By getting involved in this crazy project I realised that so much can be done!

And it is a good thing because so much has to be done! Our biodiversity, our environment, even our economies, social and political systems are failing! everything is connected, and we have about 30 years to act before planetary boundaries are reached and the environment gets out of control.

Many independent sources agree that more women in leadership now are one of the main solutions to counter this problem, because of their connection to people and to the environment, and their different way of leading! More specifically, we need more women with a scientific background, with powerful skills like evidence-based decision making, which ensures more rationality and objectivity in leadership.

The challenge of raising 20 000 euros, noticing a huge interest of many people in my path and skills, the exciting experience of interacting with the media, and even starting my own YouTube channel has gotten me totally out of my comfort zone. It has been so rewarding!

I realised that people really value scientific skills, and that there is a crazy amount of energy we are ready to devote to the causes that matter to us, as the environmental movement and the mindfulness movement are growing and get connected. 

I always felt a passion to work with animals, I loved to collaborate on the red list of endangered species with my population modelling skills, doing amazing fieldwork on albatrosses. This passion is now shifting to try and convert a maximum of normal people to a more sustainable way of living.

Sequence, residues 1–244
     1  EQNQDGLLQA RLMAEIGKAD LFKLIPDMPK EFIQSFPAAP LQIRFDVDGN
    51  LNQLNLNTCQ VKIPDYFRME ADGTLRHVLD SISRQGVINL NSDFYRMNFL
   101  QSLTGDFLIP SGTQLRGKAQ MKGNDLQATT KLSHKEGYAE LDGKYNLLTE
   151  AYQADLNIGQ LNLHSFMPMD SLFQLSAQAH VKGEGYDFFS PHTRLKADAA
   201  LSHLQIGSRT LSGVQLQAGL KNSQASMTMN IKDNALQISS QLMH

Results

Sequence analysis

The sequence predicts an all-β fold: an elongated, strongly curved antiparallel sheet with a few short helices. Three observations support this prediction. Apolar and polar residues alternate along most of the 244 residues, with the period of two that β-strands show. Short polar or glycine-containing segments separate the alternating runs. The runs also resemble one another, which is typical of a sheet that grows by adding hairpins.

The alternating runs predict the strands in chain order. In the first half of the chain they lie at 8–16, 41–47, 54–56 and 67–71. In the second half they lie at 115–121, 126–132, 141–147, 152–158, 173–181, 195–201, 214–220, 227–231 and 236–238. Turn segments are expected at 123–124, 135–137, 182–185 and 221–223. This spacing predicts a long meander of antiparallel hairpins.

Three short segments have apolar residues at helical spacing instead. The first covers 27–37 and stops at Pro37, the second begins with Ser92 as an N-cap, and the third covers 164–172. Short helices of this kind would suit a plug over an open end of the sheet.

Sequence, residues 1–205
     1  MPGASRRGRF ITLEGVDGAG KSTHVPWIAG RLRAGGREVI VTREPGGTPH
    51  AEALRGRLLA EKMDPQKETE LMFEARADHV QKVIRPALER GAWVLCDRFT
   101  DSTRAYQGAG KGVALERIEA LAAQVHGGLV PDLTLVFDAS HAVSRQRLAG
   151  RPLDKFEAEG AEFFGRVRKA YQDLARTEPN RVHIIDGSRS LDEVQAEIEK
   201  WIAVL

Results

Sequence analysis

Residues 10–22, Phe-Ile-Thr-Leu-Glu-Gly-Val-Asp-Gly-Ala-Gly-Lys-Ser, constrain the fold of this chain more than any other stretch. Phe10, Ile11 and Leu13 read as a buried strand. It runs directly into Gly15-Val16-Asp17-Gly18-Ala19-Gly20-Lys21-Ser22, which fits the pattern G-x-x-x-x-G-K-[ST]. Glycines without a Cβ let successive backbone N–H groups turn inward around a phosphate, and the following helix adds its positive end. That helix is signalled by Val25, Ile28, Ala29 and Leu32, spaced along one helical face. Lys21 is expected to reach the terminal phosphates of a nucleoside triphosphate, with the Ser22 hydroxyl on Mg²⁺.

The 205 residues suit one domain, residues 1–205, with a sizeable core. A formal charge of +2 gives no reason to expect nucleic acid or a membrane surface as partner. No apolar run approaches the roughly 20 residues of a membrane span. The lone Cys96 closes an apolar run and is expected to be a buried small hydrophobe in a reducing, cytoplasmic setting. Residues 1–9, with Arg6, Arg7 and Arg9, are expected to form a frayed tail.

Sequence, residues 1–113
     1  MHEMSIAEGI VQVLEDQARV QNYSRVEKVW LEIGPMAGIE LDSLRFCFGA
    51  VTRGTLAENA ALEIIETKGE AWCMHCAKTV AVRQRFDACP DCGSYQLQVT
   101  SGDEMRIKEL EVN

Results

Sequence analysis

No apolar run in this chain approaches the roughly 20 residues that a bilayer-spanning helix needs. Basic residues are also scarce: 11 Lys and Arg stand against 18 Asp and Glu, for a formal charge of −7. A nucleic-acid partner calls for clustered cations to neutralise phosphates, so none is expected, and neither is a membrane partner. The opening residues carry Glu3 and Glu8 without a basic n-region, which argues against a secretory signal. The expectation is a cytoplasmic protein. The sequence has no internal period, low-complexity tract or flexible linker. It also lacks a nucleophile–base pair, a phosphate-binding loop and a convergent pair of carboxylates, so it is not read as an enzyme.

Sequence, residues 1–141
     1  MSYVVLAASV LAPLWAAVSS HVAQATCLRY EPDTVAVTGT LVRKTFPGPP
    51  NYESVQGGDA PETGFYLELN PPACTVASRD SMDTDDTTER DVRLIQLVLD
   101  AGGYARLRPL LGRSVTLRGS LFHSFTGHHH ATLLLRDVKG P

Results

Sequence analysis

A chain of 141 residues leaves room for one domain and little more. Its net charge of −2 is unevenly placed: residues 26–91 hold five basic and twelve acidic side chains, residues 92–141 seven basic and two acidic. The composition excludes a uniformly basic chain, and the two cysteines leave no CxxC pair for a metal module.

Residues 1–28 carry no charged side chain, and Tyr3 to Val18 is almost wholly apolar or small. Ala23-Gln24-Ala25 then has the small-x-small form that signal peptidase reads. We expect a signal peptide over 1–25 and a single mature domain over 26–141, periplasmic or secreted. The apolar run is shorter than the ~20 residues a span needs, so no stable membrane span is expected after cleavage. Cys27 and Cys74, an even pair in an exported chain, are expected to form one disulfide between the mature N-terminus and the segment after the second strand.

The various personality and skill tests I have done during the Homeward Bound training show how I am not only a task achiever, but also a motivator of people, and this is more than what is needed for an academic career. The academic world is getting dark, not enough funding and positions, too much focus put on the quality and quantity of academic papers is making it not fun to me anymore... 

I am tired of having to move every second year, I am tired of not knowing if I will ever get a permanent position, I am tired of sitting in front of the computer all day, I am tired of enduring 90% rejection rates to any journal or grant scheme, I am tired of being part of teams that don't collaborate enough because everybody is too busy doing their own stuff. 

I don't know what I will become. What I know is that it will be something building on my science background, more people-related, and potentially even being my own boss, unless I get lucky and stay in the academic system I have worked so hard to get through. I feel that Homeward Bound will give me the answer.